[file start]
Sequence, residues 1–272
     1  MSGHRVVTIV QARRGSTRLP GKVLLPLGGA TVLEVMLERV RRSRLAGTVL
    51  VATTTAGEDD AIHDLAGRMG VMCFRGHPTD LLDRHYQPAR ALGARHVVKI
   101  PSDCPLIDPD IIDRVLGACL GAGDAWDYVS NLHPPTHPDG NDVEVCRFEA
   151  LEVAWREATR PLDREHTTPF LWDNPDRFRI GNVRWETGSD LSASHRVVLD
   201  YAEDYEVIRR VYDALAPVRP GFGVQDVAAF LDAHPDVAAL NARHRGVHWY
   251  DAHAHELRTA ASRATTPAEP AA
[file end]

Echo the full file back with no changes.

Sequence, residues 1–272
     1  MSGHRVVTIV QARRGSTRLP GKVLLPLGGA TVLEVMLERV RRSRLAGTVL
    51  VATTTAGEDD AIHDLAGRMG VMCFRGHPTD LLDRHYQPAR ALGARHVVKI
   101  PSDCPLIDPD IIDRVLGACL GAGDAWDYVS NLHPPTHPDG NDVEVCRFEA
   151  LEVAWREATR PLDREHTTPF LWDNPDRFRI GNVRWETGSD LSASHRVVLD
   201  YAEDYEVIRR VYDALAPVRP GFGVQDVAAF LDAHPDVAAL NARHRGVHWY
   251  DAHAHELRTA ASRATTPAEP AA